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Parliament Urges Germany to Hike Nazi Victims' Pensions

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TEHRAN, April 27 (ICANA) – The German parliament has urged the government to raise the pensions paid out to Holocaust survivors from the former Soviet Union living in Germany to redress what it called an enduring injustice.
Wednesday, April 27, 2011 9:29:50 PM
Parliament Urges Germany to Hike Nazi Victims' Pensions

"The Bundesrat (upper house) calls on the federal government to recognize Jewish Holocaust victims from the former Soviet Union as 'persons persecuted by the Nazi regime' and to create the legal basis for independent pension claims for these people," it said in a resolution, AFP reported.

"Due to the age of the Holocaust survivors, we call on the federal government to table a draft law without delay."

The Bundesrat, which represents Germany's 16 states, said that the Jewish former prisoners of concentrations and ghettos had fallen victim to a legal loophole that exempted them from the list of recognied victims of the Nazis.

As such, they were not entitled to state pensions accorded to people persecuted under the Third Reich and were thus dependent on much smaller monthly subsistence payments

A policy approved in January 1991 allowed Jewish Holocaust survivors from the former Soviet Union to emigrate to Germany as refugees.

That status, however, has meant they had no right to state pensions for

Nazi victims and must even report any savings they had accumulated, for example from support payments from the Jewish Claims Conference.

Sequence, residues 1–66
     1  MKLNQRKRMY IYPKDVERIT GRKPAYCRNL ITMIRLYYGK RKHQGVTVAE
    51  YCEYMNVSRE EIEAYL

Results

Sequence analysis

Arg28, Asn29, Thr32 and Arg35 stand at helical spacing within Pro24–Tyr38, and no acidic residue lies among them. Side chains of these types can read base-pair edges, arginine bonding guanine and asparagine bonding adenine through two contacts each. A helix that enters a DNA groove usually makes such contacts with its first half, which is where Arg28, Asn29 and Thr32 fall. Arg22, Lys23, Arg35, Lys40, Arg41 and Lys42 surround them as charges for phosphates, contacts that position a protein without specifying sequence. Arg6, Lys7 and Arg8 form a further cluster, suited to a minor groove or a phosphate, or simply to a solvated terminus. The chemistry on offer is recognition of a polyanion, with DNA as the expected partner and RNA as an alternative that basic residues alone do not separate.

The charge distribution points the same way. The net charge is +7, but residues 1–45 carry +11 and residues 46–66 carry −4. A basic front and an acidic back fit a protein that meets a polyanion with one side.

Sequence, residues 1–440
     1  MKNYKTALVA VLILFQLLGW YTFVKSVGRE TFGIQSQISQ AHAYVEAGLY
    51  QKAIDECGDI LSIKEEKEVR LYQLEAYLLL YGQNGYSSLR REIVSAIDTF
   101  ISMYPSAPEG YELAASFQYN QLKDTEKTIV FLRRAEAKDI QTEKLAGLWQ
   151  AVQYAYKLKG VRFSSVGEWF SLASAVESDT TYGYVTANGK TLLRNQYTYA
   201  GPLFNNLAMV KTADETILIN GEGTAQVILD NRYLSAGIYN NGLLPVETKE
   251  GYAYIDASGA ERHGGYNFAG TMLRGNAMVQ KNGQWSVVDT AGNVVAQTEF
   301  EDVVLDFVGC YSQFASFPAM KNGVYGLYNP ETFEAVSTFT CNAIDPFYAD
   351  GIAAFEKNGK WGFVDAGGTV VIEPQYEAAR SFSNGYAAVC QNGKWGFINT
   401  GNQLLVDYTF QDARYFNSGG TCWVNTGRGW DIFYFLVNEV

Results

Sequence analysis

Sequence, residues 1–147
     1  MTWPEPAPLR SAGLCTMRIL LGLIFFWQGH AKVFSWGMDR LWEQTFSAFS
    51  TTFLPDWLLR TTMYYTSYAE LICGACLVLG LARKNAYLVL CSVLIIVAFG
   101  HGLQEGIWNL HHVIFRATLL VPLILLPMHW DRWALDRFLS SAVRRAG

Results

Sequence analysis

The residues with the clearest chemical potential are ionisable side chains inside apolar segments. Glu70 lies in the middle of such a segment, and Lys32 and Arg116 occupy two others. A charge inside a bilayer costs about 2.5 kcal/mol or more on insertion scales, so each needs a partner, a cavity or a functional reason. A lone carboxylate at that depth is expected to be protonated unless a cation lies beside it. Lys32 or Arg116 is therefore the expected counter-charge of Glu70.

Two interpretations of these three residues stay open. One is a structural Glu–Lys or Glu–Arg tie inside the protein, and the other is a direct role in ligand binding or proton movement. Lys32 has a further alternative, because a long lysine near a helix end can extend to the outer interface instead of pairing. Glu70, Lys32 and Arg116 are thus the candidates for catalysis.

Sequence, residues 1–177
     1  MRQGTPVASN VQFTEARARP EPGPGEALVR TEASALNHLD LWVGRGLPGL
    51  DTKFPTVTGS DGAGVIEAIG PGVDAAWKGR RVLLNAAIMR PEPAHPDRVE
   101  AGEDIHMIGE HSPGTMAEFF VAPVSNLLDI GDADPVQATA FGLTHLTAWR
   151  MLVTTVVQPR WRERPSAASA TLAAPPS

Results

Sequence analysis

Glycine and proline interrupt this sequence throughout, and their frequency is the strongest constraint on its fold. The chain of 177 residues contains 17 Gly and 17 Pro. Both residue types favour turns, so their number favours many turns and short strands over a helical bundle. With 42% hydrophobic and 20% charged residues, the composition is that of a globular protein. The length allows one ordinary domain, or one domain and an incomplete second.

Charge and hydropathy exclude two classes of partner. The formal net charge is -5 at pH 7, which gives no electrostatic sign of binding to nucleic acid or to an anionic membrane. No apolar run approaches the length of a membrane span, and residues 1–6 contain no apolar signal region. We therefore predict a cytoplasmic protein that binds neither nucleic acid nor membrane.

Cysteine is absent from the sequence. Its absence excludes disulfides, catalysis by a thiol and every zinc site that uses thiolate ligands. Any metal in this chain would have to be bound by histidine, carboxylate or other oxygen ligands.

Those funds are then counted against them when calculating their welfare payments in Germany.

The Bundesrat could not immediately provide an estimate of how many people would be affected by a change in policy.

Germany has paid out the equivalent of more than 67 billion euros ($97

billion) to victims of the Nazis including survivors of concentration camps, ghettos or forced work camps.

During the Cold War, West Germany only offered restitution to people living in the West and referred those living in the Eastern bloc to the government of communist East Germany, which refused to assume any responsibility for Hitler's crimes.

After German unification in 1990 and following negotiations with the Jewish Claims Conference, the country agreed to establish a new fund for Holocaust survivors from eastern Europe.

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